Motivating Your Sales Team During an Economic Downturn
We know that even for the savviest of sales leaders, and at the best of times, managing a team is a demanding task. And it’s not an understatement to say that in the current financial climate, we’re not really living in the best of times.
Motivation in a team can be at an all-time low when there are threats of budget cuts and layoffs. Even if neither situation directly applies to your business, the cost of living means that people might be personally feeling the pinch.
So is it possible to keep your team engaged and motivated, and to get through a downturn on the side of thrivin’, not just surviving? We’re so glad you asked.
1. Communication is KEY
Of course you know that effective communication is crucial. It wins confidence, it allows you to forge strong and healthy relationships, and it helps you seal the deal.
So why not consider using the same approach when dealing with your team?
Rather than pretending that everything is business as usual, or refusing to entertain any of your team’s concerns, acknowledge and own the situation. Trust is the foundation of any strong, high-performing team, and this is the perfect time to soothe worries and articulate your expectations. When your team trusts you, they’re more likely to buy into what you’re trying to achieve, even when times are tough.
When sales wins might be lower than usual, talking to your team is a great way to boost morale and ensure that everybody is on the same page. So be open, stay positive, and allow your team to connect with you on a human level.
2. Build the team you need
Challenging as it might be to admit, downturns are an inevitable part of doing business. So learning to ride them is a vital skill to have – that way, when things start to look more promising, you’re in the perfect place to reap the rewards.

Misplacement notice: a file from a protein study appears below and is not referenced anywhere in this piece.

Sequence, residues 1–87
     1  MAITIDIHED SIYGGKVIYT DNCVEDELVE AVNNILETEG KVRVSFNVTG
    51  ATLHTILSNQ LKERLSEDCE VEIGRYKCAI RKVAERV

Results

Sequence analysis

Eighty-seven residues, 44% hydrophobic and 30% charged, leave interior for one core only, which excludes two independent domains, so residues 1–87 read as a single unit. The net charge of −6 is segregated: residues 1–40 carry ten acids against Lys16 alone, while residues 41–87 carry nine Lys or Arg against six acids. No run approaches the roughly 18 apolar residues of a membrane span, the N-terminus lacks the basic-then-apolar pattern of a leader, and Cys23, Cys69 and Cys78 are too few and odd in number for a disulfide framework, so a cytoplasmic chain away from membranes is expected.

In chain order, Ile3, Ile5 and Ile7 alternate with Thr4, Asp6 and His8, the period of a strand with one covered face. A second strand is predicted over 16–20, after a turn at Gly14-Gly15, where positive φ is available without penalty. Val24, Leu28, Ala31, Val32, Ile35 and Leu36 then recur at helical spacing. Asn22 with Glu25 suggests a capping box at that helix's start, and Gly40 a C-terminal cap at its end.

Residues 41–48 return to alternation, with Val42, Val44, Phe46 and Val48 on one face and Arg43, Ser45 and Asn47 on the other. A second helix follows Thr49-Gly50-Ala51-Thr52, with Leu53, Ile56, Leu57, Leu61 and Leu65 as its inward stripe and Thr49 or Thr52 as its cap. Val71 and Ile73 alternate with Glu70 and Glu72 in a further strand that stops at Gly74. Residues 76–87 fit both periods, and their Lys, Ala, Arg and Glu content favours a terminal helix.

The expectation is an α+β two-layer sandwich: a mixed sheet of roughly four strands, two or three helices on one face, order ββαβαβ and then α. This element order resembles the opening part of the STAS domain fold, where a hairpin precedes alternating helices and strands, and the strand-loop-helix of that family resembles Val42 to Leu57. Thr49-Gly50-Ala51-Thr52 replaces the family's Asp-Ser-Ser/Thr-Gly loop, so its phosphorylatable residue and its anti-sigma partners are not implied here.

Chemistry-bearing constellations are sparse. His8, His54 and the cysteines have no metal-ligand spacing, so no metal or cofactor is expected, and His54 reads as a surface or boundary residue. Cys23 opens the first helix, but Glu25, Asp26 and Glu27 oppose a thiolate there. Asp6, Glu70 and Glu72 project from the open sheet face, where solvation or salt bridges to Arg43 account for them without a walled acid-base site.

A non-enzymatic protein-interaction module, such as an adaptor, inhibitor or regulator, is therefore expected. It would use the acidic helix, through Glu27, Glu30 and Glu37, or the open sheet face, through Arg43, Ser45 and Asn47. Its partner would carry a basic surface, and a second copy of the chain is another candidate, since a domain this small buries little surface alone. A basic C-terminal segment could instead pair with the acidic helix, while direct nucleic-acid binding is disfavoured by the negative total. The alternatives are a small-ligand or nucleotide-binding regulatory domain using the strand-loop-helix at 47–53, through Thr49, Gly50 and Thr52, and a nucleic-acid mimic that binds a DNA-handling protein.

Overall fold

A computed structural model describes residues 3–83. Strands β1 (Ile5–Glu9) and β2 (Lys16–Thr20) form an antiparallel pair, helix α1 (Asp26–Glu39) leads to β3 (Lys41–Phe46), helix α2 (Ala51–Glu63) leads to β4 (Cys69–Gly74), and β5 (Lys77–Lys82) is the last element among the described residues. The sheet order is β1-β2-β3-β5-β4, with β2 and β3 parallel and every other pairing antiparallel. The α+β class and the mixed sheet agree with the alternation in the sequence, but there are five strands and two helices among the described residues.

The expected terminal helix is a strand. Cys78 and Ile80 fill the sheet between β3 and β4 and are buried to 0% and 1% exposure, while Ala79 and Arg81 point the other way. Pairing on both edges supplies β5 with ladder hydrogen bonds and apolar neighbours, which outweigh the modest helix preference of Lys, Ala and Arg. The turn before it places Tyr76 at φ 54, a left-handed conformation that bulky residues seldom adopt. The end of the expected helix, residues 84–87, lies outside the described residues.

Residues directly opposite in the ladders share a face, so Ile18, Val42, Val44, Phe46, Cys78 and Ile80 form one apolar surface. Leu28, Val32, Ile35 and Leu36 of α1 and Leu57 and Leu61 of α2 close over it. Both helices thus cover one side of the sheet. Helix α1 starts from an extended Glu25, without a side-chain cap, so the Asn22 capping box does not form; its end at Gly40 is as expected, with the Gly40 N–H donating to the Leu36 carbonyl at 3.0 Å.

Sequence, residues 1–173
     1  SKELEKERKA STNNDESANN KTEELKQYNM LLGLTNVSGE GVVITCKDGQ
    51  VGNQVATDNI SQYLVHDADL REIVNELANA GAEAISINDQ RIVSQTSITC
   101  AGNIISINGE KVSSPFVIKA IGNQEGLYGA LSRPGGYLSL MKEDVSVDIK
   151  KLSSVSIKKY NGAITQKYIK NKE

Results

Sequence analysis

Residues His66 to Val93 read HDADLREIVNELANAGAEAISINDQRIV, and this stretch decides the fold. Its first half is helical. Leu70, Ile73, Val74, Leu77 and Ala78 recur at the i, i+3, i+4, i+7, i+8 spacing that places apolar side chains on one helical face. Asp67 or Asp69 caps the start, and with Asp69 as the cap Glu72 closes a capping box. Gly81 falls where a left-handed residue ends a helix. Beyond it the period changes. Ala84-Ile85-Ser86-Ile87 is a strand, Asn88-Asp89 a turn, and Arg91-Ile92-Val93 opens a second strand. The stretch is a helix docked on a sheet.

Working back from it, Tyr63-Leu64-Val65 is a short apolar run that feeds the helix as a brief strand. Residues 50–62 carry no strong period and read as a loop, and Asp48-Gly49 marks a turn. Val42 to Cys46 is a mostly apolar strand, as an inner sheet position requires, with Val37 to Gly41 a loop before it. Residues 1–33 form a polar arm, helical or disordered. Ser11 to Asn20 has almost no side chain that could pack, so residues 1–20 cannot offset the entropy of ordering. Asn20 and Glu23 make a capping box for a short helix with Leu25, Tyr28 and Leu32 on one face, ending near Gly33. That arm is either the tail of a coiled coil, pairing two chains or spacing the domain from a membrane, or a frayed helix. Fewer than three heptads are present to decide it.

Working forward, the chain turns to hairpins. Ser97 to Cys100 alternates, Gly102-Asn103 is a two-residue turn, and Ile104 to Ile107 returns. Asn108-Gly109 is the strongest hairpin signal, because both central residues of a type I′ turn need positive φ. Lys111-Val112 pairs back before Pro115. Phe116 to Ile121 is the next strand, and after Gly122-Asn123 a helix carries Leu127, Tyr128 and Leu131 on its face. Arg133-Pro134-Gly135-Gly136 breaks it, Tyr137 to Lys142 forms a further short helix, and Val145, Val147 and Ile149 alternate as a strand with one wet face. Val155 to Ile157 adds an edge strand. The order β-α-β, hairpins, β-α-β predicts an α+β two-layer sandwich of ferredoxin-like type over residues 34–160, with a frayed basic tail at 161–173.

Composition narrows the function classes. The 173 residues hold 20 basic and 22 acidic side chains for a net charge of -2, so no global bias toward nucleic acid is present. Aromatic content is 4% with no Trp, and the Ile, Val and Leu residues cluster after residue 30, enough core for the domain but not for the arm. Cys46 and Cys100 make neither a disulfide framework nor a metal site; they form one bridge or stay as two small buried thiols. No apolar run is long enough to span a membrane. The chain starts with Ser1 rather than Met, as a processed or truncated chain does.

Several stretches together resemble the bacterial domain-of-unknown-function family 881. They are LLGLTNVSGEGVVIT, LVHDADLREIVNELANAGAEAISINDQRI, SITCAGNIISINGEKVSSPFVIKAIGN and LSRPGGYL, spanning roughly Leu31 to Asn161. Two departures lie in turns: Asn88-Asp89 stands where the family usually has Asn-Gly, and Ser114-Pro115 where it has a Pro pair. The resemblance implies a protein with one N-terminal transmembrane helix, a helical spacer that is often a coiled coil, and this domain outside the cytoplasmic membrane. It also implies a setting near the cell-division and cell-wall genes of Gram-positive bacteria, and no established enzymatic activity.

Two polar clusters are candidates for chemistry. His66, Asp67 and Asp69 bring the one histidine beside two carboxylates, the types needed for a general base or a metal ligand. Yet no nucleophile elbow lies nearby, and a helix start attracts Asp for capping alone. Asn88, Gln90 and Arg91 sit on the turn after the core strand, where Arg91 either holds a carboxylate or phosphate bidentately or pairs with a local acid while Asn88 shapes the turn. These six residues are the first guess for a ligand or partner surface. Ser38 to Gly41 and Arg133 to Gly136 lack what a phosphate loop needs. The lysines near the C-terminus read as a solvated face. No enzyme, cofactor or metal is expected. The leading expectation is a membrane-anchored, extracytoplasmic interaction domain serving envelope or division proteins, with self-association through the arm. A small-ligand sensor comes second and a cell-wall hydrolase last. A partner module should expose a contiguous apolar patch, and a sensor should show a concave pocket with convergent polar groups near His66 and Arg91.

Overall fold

Consider taking the time to increase your team’s training schedule (and if you don’t have one, introduce one). Skills such as negotiations, objection handling, prospecting and referrals, and product training always benefit from honing. The good news is, this doesn’t have to be an expensive move.
Got a senior rep who’s a hot shot at prospecting? Create training where they can share their experience and field questions from other team members. Or run cross-departmental sessions with CS or product to ensure your reps fully understand and advance your value proposition. (Of course, there are also coaching and training platforms that can help your team self-coach and improve their skills.)
Investing time and energy in your team with training doesn’t just improve the overall performance of your group, but is also proven to boost morale and increase employee retention.
3. Don't forget the little things
We’re preaching to the choir, but we know that working in sales isn’t easy. So when your team isn’t enjoying the same level of closed deals, people can easily become demoralized.
The power of small wins is a recognised principle for driving team engagement and should be a priority for keeping everyone on an even keel. People want recognition, so this is a great time to encourage that.
Consider setting up wins for your team, like a sales performance incentive fund (or SPIFF). Slightly different to a bonus, a SPIFF doesn’t need to be a monetary thing - you could consider offering a one-on-one with company leadership, or picking a place for a team-building social.
You can also make sure to acknowledge your team’s performance and praise those who are performing well. Think about ways you can share best practices internally, celebrate victories and wins, and create recognition for those who are going above and beyond. Bleaker times in the world are the perfect way to showcase how resilient your team is.
Uncertainty is inevitable in any industry, and it looks like we might be in for more upheaval over the next 18 months. Rather than sticking your head in the sand, it’s time to reconsider and recalibrate your approach to the new normal and build habits now that will help your team in the long run.